Around Easter we tend to think about new beginnings. For believers this involves the resurrection of Jesus, for others bunnies, chicks and eggs symbolize Spring, revitalization, and a new growing season. For me, Easter of 2015 holds a special meaning.
For an indeterminate number of years now I have been dealing with emphysema – a result of having spent 30 years as a furniture maker, breathing wood dust and lacquer fumes. Five or six years ago I attributed the shortness of breath and fatigue to advancing age. The summer of 2012 brought occasional chest pains. By November 2012 the pain was so constant and pervasive I was fearing congestive heart failure. In December I finally admitted that it wasn’t getting any better, went to see a doctor and was diagnosed with emphysema. Since then I’ve been on inhaled steroids to slow down the degradation, but it’s been just a matter of time as I feel my strength and stamina slipping away and the pain increasing. Medical science says emphysema cannot be cured, just slowed down. I had resigned myself to this. Continue reading “Resurrection from Emphysema”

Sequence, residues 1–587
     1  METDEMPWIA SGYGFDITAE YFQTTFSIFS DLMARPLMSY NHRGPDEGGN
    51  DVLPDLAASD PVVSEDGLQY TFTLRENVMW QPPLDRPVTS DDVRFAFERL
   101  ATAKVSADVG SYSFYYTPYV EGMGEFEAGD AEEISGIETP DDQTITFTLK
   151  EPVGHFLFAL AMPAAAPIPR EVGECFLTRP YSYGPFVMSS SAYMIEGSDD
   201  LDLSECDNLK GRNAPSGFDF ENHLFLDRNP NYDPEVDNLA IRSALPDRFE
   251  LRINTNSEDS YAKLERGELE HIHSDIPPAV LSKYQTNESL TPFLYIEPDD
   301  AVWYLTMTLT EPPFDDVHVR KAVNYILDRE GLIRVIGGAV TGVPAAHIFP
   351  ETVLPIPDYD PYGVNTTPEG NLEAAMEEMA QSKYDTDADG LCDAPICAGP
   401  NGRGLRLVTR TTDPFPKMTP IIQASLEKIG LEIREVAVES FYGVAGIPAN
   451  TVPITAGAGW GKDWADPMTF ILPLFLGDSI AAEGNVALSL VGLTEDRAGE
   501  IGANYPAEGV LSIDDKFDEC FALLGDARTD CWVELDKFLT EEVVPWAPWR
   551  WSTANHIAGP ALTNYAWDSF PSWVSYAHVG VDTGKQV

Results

There was a church in a mid-western farming community that had not received rain in a long while. The crops were withering and the farmers feared economic disaster.
The Pastor of this church announced, “Next Sunday we will have a special prayer service where anyone who wants to can offer a prayer for rain. Be sure you come prepared.”
The following Sunday, most of the service was given over to allowing members to lead the congregation in prayers for rain. When all who wanted to had taken a turn, the pastor stood again before them and said, “Those were some mighty fine prayers. Most were heart-felt, a couple were down right eloquent. Now, by show of hands, how many of you brought an umbrella to church today?”
No one raised their hand. Most looked at one another in astonishment over the Pastor’s question.
“That, my friends, is why we don’t have rain. I told you to come prepared. If you believed your prayers would be heard and answered, you’d have brought an umbrella to get you home in the rain.”